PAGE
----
In the communication between the application process and the different slave processes we use two pipes, one in which the father writes and the slave reads, and another pipe that goes in the opposite direction. Having a large number of pipes to read the application process we had to look for a solution so that it does not just wait in a single pipe to read and that is why we use select. This same function allows us to know which pipe is ready to read and allows the application process not to wait in a single pipe for the slave to write it. One of the main problems we had was how to use this function as we found the man section of the same very confusing.

Shared Memory and View

As the application process receives the results of the md5 hash sent to its slave processes, it should share them with the view process so that it can display them through stdout as it receives them. To do this, it has been requested to use a shared memory area between the view and application processes.

Implementation Limitations

Taking into account the proposed solution, some minor limitations arise. First, in the face of an incorruption signal that causes our processes to end (like SIGKILL for example) there will be resources that are not freed, like the 'shared memory' among others.


In conclusion, this report has presented not only the application of intercommunication between processes (both shared memory and through pipes), but also a method to balance the load of files between child processes.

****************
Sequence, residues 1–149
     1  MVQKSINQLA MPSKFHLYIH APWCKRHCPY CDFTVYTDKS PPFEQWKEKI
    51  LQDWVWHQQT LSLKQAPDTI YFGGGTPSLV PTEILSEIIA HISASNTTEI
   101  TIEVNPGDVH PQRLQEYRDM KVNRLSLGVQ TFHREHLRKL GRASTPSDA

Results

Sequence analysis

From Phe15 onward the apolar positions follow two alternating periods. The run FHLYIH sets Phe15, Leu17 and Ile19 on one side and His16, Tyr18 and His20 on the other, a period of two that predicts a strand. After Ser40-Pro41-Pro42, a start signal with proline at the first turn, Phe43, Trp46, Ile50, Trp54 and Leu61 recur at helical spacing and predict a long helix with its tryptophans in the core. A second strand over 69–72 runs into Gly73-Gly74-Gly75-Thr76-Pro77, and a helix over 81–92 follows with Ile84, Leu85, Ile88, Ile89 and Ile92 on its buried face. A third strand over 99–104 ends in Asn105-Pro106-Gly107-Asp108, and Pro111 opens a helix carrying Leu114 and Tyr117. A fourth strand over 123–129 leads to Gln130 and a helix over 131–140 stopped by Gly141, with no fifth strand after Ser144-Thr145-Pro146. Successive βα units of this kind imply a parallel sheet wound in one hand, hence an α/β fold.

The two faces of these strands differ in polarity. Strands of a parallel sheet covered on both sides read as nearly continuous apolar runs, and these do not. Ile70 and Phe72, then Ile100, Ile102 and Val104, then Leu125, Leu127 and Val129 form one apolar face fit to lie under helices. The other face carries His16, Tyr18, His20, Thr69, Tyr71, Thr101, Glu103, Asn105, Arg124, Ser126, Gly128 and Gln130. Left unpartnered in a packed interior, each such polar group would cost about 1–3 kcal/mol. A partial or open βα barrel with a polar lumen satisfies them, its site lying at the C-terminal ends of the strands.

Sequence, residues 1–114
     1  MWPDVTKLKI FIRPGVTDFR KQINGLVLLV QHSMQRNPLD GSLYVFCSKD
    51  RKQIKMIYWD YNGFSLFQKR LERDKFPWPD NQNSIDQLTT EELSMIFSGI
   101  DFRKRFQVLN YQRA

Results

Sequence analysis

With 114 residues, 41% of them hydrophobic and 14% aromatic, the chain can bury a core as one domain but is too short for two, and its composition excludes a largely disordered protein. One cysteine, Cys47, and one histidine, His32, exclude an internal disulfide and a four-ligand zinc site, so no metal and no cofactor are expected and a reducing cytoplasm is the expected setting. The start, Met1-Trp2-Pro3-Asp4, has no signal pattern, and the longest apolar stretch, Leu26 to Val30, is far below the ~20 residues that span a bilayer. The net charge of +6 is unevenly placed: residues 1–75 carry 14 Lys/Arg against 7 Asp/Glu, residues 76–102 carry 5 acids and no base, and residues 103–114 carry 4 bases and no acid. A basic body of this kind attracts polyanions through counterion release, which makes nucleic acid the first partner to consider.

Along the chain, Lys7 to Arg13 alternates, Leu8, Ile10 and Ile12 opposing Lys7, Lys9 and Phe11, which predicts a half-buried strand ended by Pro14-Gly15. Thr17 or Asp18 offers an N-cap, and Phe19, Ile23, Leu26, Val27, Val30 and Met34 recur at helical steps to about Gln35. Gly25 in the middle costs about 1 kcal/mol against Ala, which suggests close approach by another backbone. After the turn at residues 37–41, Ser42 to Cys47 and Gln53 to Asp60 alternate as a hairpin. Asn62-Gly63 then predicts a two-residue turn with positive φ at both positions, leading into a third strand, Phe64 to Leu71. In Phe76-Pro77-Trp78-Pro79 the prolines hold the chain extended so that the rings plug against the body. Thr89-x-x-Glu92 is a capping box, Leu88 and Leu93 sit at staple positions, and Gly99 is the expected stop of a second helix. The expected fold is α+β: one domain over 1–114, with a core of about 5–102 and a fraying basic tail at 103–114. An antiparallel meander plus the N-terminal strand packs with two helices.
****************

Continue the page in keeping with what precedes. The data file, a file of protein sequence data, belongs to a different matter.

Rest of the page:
For future versions, we consider that if the use warrants it, we cannot only modularize but also improve the functionality of rebalancing the loads.

Appendix compilation and execution instructions

To compile the project, a Makefile type file will be used. For this, the user must open a terminal at the root of the project, where they must do 2 commands.

make clean
make all

Additionally, you can perform an extra validation, running the PVS Studio, which is executed with the following command.

make check

Then, in the root directory of the project there will be 3 executables, which work together to perform the task.

  • APPLICATION: It receives as a parameter in command line the files to be processed. It will manage the slave processes.
  • SLAVE: It performs the md5 hashing of a series of files received by standard input from the parent process (APPLICATION).
  • VIEW: It receives by command line parameter or by standard input (Prioritizing the first of both options) the number of files that are going to be processed. It will be in charge of printing the results of the md5 hash with the following format "(pid) (hash code) (filePath)". To be able to run the project, it can be done in one of two ways. The first option is by a pipe via command line, where the application process is first called with the respective parameters, followed by the view process.
./APPLICATION <file1> <file2> ... <fileN> | ./VIEW

Alternatively, you can run using 2 different terminals, where the APPLICATION process is first run and then the VIEW.

-- Terminal 1 --
 ./APPLICATION <file1> <file2> ... <fileN>
-- Terminal 2 --
 ./VIEW <numberOfFiles>